Monday, May 25, 2020

Alison Roman, Bon Appetit YouTube and the Global Pantry

Eater – "Stewed Awakening"

"Roman, after all, is arguably the most fashionable avatar of a broader shift. We are living in the age of the global pantry, when a succession of food media-approved, often white figures have made an array of international ingredients approachable and even desirable to the North American mainstream — the same mainstream that, a decade ago, would have labeled these foods as obscure at best and off-putting at worst. This phenomenon is why you now see dukkah on avocado toast, kimchi in grain bowls, and sambal served with fried Brussels sprouts. It’s a kind of polyglot internationalism presented under the New American umbrella, with the techniques and raw materials of non-Western cuisines used to wake up the staid, predictable flavors of familiar Americana.

Not long ago, you could see this playing out on the menus of hip restaurants across the country. At AL’s Place in San Francisco, squash tahini was served with burrata, sumac-galangal dressing, pickles, and dukkah; in LA, there was preserved Meyer lemon and lacto-fermented hot sauce in Sqirl’s sorrel pesto rice bowl, and a “Turkish-ish” breakfast of vegetables, a sumac- and Aleppo pepper-dusted egg, and three-day-fermented labneh at Kismet. Over in Nashville, Cafe Roze put a turmeric egg in its hard-boiled BLT and miso ranch in its barley salad. Up in New York, Dimes served a veggie burger with harissa tofu and a dish called huevos Kathmandu that paired green chutney and spiced chickpeas with fried eggs.

But now, as the COVID-19 pandemic has forced most of us to stay home and make the most of our kitchen skills, the global pantry is most visible on the pages and websites of establishment food media. It’s Bon Appétit’s gluten-free coconut-turmeric pie and kimchi-cream cheese toast; Food & Wine’s tofu masala and rosy harissa chicken; the New York Times’s brothy chicken soup with hominy and poblano; and Every Day With Rachael Ray’s minty matcha smoothie and Korean barbecue burgers. You can see it all over social media and particularly Instagram, where its most viral example is #thestew, Roman’s 2018 recipe for a chickpea-coconut milk stew whose broth is made golden with turmeric. And you can see it on Bon Appétit’s extremely popular YouTube channel, where its test kitchen stars make everything from saffron brittle to “dahi toast” to slow-roast gochujang chicken to spicy chicken katsu sandwiches (though it bears noting that the first two of those recipes were created by people of color).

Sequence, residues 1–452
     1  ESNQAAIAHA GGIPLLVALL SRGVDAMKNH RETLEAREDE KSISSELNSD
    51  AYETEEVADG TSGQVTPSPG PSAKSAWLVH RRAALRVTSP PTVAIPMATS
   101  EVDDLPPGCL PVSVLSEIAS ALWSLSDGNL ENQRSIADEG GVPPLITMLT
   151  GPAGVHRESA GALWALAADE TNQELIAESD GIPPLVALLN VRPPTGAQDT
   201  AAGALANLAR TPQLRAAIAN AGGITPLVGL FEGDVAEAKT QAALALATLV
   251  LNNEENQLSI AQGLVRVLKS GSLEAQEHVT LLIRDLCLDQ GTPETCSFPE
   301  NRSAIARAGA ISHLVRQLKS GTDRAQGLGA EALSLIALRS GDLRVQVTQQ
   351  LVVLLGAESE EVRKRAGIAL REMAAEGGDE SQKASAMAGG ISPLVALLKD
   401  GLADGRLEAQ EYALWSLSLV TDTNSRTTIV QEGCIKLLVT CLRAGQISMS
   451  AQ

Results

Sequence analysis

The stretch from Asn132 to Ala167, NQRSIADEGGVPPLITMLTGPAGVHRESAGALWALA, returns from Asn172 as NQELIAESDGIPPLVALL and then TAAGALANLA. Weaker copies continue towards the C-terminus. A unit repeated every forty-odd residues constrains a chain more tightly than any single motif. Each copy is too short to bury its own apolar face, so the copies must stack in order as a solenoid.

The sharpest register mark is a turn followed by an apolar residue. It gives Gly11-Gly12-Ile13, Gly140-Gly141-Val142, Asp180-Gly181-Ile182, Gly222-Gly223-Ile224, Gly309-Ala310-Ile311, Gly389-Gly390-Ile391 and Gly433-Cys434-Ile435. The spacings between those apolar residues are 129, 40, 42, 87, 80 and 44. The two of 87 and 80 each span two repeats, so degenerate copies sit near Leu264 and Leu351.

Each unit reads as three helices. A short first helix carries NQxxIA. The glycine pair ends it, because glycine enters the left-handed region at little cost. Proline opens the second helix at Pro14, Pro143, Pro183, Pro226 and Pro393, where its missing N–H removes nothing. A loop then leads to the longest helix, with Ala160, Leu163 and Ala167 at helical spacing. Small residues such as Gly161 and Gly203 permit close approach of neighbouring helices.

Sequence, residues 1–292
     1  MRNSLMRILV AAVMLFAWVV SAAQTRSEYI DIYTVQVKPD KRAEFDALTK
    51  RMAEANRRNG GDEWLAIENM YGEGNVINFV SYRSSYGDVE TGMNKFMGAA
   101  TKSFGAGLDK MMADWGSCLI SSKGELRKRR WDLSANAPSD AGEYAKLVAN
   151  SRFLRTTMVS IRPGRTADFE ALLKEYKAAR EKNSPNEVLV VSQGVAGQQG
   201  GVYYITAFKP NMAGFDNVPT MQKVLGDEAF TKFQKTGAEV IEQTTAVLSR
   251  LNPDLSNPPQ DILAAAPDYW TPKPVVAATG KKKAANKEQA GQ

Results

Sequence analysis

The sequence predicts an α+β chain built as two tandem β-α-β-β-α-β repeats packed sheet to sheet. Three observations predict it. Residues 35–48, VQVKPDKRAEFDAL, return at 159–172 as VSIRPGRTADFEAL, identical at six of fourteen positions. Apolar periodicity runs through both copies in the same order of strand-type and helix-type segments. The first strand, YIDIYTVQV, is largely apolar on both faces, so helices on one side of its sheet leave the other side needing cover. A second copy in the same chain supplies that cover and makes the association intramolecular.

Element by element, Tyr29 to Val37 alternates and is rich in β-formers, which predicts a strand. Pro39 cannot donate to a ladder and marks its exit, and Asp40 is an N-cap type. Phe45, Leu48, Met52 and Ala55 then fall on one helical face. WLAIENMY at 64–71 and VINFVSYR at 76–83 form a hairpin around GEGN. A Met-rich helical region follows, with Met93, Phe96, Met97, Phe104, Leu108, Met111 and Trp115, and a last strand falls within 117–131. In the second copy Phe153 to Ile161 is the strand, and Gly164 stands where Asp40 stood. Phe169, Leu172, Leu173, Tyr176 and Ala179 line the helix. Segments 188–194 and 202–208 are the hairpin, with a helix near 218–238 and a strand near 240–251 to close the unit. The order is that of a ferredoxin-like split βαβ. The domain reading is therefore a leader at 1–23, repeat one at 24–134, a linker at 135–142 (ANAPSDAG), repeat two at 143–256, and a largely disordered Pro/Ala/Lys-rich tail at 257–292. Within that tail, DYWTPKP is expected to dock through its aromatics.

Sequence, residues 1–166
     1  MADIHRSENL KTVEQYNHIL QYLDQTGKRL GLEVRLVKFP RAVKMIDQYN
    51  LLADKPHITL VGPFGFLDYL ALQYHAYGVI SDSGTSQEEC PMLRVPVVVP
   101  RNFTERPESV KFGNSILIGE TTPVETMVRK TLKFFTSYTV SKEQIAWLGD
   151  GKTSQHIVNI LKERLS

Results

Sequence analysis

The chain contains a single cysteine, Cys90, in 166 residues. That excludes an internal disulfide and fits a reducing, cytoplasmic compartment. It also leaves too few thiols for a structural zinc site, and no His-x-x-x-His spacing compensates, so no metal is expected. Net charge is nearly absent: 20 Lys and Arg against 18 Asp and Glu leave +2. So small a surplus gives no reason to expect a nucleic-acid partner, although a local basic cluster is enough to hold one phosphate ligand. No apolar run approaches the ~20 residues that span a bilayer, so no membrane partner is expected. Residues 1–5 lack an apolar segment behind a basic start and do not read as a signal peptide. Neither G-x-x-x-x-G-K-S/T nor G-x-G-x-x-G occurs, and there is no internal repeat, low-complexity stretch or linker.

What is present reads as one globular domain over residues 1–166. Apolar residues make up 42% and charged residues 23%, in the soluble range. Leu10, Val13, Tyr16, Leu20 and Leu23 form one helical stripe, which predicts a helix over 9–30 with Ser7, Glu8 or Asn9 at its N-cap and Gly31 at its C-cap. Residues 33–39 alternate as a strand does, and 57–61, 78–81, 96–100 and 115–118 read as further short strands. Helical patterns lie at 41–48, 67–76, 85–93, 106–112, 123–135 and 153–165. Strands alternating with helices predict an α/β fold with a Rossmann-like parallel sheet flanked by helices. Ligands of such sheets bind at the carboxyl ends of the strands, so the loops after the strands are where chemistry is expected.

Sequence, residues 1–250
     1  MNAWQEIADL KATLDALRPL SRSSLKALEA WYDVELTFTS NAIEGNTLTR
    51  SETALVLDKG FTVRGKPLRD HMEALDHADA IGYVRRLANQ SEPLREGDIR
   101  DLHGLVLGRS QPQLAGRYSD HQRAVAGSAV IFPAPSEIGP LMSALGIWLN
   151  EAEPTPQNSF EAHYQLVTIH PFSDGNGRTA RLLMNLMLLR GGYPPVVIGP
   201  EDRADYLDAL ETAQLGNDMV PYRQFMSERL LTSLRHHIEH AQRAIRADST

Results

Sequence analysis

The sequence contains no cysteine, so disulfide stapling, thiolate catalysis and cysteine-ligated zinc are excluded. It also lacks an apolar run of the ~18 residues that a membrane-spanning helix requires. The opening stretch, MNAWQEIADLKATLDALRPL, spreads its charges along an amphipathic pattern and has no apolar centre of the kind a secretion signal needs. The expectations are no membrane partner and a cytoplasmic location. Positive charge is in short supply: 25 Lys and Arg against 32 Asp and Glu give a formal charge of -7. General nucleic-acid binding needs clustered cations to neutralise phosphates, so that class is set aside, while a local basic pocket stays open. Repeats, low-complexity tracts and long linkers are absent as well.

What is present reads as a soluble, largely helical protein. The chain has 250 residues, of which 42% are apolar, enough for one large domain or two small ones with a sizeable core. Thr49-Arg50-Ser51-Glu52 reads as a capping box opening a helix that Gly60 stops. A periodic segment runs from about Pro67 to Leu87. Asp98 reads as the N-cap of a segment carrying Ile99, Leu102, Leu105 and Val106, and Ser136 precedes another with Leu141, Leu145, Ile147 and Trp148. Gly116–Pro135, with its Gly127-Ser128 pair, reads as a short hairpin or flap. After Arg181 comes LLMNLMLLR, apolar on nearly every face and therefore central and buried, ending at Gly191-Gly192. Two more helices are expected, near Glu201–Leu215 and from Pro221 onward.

As the culinary has become a marker of contemporary culture, occupying much of the space once monopolized by music or fashion, food media and social media have fused to create a supercharged form of aspirational desire. Within this mode of desire, however, the idea of using new, hitherto “exotic” ingredients only seems to become aspirational when those ingredients appear on the pages of prominent tastemaking magazines (or, perhaps more relevantly, on Instagram) — or are espoused by white tastemakers. Remember that time in 2018 when the author Stephanie Danler told T Magazine about her “kitchari cleanse,” explaining how the Indian dish of lentils and rice (actually called khichrhi) allowed her to “reset [her] system”? Or the time that haldi doodh took over coffee shop menus, the food media, and Instagram after being rebranded as the turmeric latte? "

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